The Victorian government is hastening slowly to implement its "extraordinarily ambitious and hugely complex" Whole-of-Health ICT strategy, HealthSmart, as it labors to overcome the inertia that has long dogged the health sector.
Norma Fredrickson, manager of the program management office in the Department of Human Services, says her team has spent years setting specifications and arriving at solutions acceptable to the entire sector. Such a measured approach is essential to ensure confidence in the selected products and to smooth implementation, she says.
Now poised to pay major dividends, HealthSmart is one of many shared service initiatives underway across all levels of government in Australia, but it is arguably the most difficult. The program is one of the biggest IT projects ever undertaken in Australia, requiring massive logistical planning and development. The government set up the program to implement its Whole-of-Health information and communication technology (ICT) strategy, 2003-2007. The four-year program is aimed at modernizing and replacing ICT systems throughout the Victorian public health care sector.
Fredrickson says HealthSmart is the only integrated approach to health care delivery in the Australian health sector, set up in recognition of the integrated nature of health care. The government also accepts its spending on ICT for health was until recently significantly below that of other health jurisdictions across Australia, she says.
The program positions the sector to take advantage of other health initiatives like the Commonwealth's planned integrated health record. This will allow a common view of a patient across episodes of care and providers of health service.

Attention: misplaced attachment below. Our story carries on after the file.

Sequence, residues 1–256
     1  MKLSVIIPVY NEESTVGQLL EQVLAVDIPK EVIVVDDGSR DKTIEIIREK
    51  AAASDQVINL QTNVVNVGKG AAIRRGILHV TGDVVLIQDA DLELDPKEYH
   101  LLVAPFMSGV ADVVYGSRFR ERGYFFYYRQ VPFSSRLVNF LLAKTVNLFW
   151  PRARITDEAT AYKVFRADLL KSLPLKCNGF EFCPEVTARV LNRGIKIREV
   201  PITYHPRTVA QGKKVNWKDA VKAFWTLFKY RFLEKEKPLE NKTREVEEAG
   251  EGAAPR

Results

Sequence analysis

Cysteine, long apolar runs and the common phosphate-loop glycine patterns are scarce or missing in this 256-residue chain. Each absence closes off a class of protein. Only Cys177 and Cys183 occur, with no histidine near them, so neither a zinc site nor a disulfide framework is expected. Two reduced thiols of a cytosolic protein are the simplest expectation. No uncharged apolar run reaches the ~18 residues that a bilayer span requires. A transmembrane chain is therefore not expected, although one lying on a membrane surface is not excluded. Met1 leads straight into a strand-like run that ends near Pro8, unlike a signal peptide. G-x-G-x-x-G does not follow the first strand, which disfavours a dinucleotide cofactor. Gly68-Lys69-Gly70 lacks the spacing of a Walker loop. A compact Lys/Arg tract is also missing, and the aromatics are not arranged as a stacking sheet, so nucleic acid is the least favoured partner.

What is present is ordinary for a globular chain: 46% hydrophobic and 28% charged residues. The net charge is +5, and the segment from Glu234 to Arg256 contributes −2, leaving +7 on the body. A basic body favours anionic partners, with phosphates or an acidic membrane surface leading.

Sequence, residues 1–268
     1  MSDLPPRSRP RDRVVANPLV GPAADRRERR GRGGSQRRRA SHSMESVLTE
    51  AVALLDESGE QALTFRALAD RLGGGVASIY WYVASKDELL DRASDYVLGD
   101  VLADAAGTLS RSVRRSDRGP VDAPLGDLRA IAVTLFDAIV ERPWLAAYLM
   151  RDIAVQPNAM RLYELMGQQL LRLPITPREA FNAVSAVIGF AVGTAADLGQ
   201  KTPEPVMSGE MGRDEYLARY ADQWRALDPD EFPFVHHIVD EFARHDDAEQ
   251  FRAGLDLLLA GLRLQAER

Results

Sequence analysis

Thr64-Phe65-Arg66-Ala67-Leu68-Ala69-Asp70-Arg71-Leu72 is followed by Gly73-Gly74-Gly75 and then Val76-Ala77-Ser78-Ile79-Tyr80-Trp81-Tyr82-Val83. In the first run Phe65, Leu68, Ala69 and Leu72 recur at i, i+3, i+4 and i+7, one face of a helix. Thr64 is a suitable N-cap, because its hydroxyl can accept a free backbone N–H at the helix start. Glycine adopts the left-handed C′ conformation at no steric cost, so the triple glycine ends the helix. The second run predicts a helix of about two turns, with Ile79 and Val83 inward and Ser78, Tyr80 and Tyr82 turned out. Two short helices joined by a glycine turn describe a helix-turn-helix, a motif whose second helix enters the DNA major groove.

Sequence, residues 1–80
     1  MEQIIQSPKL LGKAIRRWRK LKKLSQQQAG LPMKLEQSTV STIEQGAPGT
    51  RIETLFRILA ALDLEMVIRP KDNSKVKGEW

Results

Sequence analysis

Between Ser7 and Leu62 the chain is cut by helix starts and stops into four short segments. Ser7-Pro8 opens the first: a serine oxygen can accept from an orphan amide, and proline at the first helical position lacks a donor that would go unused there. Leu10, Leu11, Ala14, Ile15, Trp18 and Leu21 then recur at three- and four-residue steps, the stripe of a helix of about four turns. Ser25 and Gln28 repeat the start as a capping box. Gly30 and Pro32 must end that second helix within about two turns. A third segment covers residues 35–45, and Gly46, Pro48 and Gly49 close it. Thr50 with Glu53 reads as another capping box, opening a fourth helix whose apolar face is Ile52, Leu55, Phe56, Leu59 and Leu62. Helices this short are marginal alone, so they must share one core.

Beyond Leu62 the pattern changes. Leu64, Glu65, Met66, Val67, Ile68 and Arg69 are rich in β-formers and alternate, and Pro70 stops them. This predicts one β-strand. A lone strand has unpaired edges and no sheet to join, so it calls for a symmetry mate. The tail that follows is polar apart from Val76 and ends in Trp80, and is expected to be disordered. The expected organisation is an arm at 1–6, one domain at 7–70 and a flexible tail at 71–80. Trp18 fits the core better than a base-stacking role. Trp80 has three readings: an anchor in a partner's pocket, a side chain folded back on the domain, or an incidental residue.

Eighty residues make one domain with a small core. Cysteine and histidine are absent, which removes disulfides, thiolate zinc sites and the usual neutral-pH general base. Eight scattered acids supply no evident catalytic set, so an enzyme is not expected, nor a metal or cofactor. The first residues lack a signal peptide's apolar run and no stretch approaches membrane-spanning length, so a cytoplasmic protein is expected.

"It's a way of rationalizing huge inefficiencies that have built up over many years that Health has been a provider of services to the community. It's also about leveraging off the buying power of health as a large sector within Victoria, and ensuring there can be some small 's' standardization in terms of common systems, common standards, a common approach," she says.
Business drivers for the project include improving the quality of care and reducing adverse effects and increasing the time clinicians can spend with patients. It's also about ensuring those involved in health delivery are available to do the work they trained for rather than being bogged down in processes that add little value. Finally, it seeks to address consumer demand for a more effective service delivery model.
HealthSmart recently signed a contract with TrakHealth for a client management system to be used by community health services across the state. Another milestone came with the granting of an implementation contract to clinical informatics vendor Cerner to implement IT applications across all public sector health providers.
Gartner Vice President Asia Pacific Richard Harris says while pressures over cost and paucity of resources have driven most Australian government shared service initiatives to date, it is the smallest jurisdictions which have been most successful so far.
"Local governments have probably the longest history in Australia with shared services," Harris says. "A decade or more ago they pioneered many shared initiatives, driven largely by their lack of resources and preparedness to do this jointly with other Councils, especially where they had trusted personal relationships. In more recent times, State and Territory governments have been the most enthusiastic adopters of shared services, again largely driven by pressures over cost and paucity of resources. Success has so far been strongest with the smallest jurisdictions. For example, the Northern Territory and ACT have the most developed - and accepted - shared services arrangements in place."
Harris says while there are aggressive moves in across government to achieve shared services, including the HeatlhSmart project, and aggregation of human services at the Federal level, these projects are very high risk and success is by no means certain.
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